News Highlights: Homepage Slideshow Archive

Scientists Determine Precise 3D Location and Identity of all 23,000 Atoms in a Nanoparticle

Scientists at the Department of Energy’s Lawrence Berkeley National Lab used one of the world’s most powerful electron microscopes to map the precise location and chemical type of 23,000 atoms in an iron and platinum nanoparticle. (Learn More >>)

Squeezed Light Cools Tiny Drum to Coldest Temperature Ever

A new technique developed by a team at the National Institute of Standards and Technology in Boulder, Colorado, uses “squeezed” light to get atoms colder than is possible with regular laser cooling. (Learn More >>)

Graphene Temporary Tattoo Tracks Vital Signs

A graphene health sensor that goes on the skin like a temporary tattoo takes measurements can precisely measure electrical signals from the heart, muscles, and brain, as well as skin temperature and hydration. (Learn More >>)

Liquid Biopsy Chip that Detects Metastatic Cancer Cells in Blood

The device uses antibodies attached to an array of carbon nanotubes at the bottom of a tiny well. Cancer cells settle to the bottom of the well, where they selectively bind to the antibodies based on their surface markers. (Learn More >>)

Nanoceramic Material for More Safe, Economical Nuclear Reactors

An international team of researchers has created a nanoceramic material that not only can withstand the harsh effects of radiation, but also becomes tougher under radiation. (Learn More >>)

Nanotechnology Helps Harvest Energy from Human Motion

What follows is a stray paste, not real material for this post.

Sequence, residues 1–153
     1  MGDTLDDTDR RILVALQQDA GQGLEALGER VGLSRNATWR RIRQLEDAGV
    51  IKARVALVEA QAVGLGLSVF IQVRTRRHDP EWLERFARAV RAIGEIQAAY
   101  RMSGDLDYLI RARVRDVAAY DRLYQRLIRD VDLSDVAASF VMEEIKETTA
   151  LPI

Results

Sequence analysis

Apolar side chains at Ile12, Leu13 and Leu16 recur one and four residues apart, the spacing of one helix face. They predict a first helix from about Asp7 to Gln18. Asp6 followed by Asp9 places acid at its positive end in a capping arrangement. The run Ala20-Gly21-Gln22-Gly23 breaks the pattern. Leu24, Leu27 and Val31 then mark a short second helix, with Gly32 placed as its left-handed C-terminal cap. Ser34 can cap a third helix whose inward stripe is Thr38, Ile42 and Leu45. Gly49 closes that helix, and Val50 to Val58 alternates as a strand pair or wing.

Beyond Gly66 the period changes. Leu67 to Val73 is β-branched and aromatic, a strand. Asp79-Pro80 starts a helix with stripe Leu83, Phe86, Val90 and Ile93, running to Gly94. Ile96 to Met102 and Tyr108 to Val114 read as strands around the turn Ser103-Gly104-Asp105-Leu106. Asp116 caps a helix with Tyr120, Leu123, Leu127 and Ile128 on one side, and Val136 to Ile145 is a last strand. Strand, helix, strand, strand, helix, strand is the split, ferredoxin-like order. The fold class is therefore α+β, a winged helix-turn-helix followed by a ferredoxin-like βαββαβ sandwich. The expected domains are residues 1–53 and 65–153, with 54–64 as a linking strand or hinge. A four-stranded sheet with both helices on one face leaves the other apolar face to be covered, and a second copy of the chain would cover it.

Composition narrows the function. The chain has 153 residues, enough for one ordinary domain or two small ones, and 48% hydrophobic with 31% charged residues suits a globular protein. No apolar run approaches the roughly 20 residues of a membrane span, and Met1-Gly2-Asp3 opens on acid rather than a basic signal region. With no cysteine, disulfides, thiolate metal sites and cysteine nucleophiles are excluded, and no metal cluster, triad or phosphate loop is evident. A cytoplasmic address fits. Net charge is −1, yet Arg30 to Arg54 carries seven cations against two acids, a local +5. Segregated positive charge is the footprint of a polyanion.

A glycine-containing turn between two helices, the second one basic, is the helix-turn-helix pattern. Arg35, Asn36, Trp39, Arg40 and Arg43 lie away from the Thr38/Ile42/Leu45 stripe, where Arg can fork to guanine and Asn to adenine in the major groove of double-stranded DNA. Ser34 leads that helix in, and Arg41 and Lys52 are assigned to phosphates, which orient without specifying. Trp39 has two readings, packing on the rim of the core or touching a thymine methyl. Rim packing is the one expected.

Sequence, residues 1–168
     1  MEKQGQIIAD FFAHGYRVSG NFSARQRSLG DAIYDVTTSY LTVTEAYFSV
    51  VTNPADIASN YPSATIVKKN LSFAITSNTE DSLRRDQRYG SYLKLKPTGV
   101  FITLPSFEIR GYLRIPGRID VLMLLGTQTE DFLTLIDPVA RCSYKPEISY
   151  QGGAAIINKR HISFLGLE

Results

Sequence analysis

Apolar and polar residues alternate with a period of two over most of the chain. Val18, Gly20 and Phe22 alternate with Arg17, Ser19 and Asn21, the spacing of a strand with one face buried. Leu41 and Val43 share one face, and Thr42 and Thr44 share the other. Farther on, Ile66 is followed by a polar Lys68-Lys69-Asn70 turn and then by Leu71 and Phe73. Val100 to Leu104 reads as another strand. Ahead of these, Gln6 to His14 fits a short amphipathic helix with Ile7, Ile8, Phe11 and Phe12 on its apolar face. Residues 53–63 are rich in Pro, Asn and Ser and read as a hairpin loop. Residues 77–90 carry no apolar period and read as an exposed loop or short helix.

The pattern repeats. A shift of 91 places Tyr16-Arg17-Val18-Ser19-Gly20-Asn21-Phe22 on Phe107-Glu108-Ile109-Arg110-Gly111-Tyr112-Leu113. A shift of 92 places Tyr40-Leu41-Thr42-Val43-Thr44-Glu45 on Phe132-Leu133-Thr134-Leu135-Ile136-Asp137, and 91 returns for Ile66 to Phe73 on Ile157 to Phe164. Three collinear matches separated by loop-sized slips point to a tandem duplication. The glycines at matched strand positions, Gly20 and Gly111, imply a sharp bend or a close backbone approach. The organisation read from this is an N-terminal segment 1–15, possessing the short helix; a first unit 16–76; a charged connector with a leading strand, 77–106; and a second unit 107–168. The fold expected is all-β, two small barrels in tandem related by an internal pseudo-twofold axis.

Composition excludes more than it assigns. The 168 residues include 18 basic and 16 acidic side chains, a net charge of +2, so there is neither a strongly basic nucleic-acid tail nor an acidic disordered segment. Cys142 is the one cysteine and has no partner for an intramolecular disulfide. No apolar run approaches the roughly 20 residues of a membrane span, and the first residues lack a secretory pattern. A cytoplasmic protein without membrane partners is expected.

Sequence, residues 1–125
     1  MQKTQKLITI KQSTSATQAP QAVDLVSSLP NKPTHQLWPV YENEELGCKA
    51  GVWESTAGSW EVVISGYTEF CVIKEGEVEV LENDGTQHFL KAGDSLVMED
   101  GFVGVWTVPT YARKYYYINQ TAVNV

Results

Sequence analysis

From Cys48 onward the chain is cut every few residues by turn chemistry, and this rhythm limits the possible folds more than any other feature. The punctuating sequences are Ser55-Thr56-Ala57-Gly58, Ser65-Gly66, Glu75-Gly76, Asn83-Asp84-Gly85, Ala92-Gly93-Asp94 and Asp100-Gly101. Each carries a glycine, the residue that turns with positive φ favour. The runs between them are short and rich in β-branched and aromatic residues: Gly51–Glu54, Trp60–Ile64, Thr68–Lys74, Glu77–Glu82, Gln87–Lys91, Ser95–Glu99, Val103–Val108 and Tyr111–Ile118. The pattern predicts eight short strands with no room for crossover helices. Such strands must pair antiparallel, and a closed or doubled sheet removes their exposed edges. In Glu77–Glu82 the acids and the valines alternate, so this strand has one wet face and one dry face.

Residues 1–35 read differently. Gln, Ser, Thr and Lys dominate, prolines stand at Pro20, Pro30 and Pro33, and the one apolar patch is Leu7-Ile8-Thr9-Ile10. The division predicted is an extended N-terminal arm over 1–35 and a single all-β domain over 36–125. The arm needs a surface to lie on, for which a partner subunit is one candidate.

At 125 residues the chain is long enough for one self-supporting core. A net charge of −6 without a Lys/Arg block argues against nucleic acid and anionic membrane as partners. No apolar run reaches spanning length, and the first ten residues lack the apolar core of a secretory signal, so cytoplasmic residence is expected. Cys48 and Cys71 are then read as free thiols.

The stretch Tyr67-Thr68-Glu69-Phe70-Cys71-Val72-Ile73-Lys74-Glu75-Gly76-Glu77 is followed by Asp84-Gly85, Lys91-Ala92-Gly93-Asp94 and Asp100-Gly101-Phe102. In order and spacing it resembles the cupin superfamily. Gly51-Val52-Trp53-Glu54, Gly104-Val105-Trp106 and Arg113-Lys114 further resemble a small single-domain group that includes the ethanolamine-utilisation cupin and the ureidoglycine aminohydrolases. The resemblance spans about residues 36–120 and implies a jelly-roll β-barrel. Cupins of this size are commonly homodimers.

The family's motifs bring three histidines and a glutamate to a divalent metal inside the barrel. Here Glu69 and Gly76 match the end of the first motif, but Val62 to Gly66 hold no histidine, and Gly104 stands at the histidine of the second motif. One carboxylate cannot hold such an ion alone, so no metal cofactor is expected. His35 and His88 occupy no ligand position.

With the low-cost device, known as a nanogenerator, the scientists successfully operated an LCD touch screen, a bank of 20 LED lights and a flexible keyboard, all with a simple touching or pressing motion and without the aid of a battery. (Learn More >>)

MIT Researchers Discover Another Weird Property of Water

Instead of boiling, water trapped inside of carbon nanotubes freezes into a solid when heated. (Learn More >>)

Ask a Nano Expert

Have a question about nanotechnology? Find an answer through NSF's "Ask a Nano Expert."Send your questions by 12/6/16 to gennano@nsf.gov. (Learn More >>)

Researchers Engineer Spinach Plants to Sense Explosives

A key component of this detection process involves having the plant absorb the chemical through its roots, as if the compounds were present in the groundwater where the plants grow. (Learn More >>)

Nanotechnology Engineers Design an Infinitesimal Computing Device

The concept involves a dense, three-dimensional circuit operating on an unconventional type of logic that could, theoretically, be packed into a block no bigger than 50 nanometers on any side. (Learn More >>)

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